First, what does it extend? Every technology enhances, amplifies or extends some human capacity. A coat enhances our ability to regulate a stable body temperature in inclement weather. A telephone greatly extends the distance over which we can converse. So, when Apple or anyone else releases something, the first question to ask is what human ability does it extend? What thing can we do better, or more, or at greater distance, or faster, etc.?
Second, what does it make obsolete? Every new technology makes an older one obsolete. That doesn’t necessarily mean that the old one disappears—just that its function is different. Perhaps the most famous example is the horse and buggy, which went from the primary means of transportation to a quaint way to take a date through a park when the automobile (the “horseless carriage”) was created. Are we cool that that’s what a horse and buggy does now?
Next, what does it revert into? This is where we think most about the downside, the negative effects, or the dangers. In its extreme, any technological creation reverses into its opposite intention. A car, in its most extreme, reverses into annoying traffic jams or horrifying collisions. A smartphone in the extreme keeps us perpetually busy or anxious—always on—or, differently, becomes the preferred but shallow way of interacting with other people where we can choose how much of ourselves we want to share with them and disconnect whenever we don’t like how it’s going. Togetherness, yet solitude, as Turkle puts it. Maybe there are good reasons for a technology not to exist, or at least to make it different than what it is to prevent such regressions.
Finally, what does the technology retrieve? Ecclesiastes in the Hebrew Bible contains the well-known idiom there is nothing new under the sun. No technology or other similar human creation is entirely new. Each retrieves in some way something from before. The tweet or the text message largely retrieves what the telegraph did decades ago. Surveillance cameras retrieve the city wall and its guards from the medieval era. I’m sure you can think of many more interesting examples. Are there things we need to retrieve? Is this particular thing retrieving something we were glad to be rid of?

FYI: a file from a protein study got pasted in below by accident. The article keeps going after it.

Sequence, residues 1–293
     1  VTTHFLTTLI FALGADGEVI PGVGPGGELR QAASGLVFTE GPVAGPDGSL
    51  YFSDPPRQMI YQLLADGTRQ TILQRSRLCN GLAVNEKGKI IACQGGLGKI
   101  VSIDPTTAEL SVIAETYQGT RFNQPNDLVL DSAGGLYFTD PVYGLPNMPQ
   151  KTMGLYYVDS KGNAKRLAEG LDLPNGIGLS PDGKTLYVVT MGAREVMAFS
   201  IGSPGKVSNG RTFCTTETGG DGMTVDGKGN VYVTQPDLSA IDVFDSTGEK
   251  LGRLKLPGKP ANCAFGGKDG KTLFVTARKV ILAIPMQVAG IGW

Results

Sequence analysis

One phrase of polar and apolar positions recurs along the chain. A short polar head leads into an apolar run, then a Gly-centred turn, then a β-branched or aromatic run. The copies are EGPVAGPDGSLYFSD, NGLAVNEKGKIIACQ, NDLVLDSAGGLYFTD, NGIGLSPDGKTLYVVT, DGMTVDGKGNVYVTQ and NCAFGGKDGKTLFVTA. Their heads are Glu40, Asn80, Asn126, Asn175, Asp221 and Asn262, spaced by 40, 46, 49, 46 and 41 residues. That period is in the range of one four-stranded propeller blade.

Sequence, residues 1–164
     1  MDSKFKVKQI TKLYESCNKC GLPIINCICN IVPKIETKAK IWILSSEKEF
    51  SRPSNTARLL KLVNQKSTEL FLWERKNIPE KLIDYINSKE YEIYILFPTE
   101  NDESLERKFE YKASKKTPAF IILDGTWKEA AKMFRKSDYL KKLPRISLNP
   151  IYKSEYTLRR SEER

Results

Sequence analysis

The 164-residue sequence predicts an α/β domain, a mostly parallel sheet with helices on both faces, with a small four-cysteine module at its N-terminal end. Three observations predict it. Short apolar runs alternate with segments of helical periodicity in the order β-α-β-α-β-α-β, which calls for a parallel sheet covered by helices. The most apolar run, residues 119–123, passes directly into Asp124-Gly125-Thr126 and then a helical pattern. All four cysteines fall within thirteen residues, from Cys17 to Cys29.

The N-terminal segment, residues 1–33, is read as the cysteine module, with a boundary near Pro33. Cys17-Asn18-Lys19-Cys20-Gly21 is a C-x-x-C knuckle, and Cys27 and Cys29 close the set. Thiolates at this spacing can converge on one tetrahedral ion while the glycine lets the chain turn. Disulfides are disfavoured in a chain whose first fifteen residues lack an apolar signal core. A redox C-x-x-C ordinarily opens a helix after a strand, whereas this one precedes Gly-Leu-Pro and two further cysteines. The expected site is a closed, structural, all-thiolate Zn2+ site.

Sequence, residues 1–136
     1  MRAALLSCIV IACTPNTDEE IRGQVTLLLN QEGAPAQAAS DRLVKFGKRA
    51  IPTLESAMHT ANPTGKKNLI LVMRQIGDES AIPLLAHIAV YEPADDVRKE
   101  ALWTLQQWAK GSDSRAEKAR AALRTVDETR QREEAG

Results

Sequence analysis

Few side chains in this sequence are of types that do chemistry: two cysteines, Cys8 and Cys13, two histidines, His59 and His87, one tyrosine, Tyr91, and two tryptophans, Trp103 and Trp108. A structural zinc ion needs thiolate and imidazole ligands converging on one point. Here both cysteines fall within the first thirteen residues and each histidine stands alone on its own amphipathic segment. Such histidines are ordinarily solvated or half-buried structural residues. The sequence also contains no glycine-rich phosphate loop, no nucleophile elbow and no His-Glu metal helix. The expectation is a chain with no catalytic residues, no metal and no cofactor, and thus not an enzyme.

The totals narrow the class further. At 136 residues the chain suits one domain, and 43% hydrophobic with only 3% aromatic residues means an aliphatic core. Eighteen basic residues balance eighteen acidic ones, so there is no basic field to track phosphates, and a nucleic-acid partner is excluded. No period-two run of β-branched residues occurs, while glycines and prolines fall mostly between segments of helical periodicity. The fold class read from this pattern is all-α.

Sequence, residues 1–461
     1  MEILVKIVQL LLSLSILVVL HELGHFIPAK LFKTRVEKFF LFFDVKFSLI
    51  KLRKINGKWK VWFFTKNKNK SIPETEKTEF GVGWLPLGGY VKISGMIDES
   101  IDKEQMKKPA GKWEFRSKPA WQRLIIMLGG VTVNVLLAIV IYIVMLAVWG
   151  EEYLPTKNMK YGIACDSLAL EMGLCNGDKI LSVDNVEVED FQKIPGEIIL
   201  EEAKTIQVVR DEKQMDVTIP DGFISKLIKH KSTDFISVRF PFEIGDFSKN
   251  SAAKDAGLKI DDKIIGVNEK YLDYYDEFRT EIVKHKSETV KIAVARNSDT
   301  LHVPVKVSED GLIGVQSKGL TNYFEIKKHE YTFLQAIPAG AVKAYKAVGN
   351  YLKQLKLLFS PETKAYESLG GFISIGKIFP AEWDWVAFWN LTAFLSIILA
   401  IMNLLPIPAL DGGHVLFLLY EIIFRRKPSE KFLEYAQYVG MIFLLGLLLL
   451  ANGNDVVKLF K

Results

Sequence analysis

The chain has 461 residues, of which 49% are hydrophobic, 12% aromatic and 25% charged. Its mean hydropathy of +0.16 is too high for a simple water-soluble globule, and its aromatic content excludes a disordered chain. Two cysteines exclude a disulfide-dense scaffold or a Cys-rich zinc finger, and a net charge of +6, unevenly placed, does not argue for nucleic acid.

(Still tracking with me? You’re halfway to being a communication theorist).
These are the questions I’m interested in asking. Not necessarily in a formal, thoroughly researched way. Simply, what do we learn about ourselves and about this or that thing we use if we ask questions like this? There’s good and bad. It all shapes the people we are and the kind of people we will become.
I’ll probably revisit common themes or the same piece of technology sometimes, because they’re not going away anytime soon and the issues they present won’t change overnight. The iPhone 12 will be just slightly different than the iPhone 11 (and millions of people will line up to replace their 11s), but those changes might be important to talk about. New forms of social media are emerging all the time. I’ll do everything I can to make sure I’m not boring or repetitive.
Most of all, I want to know what you want to talk about. What has technology made better for you? What has it made harder? What do you expect from technology—right now, or what it might do for you in the future? What do you care about most as a person, and how do devices and a culture saturated in technology encourage or impede those things?
Please comment, email, Tweet, and Instagram me. Sign up on the email list so you get the latest posts right away and can jump in on a conversation about them. Send me interesting or ridiculous ways people are using technology. Let me know what you care about, what you want me to write about, and what you think. I’m genuinely interested and eager to talk.
Thank you for reading and being part of the Upgraded Humans tribe.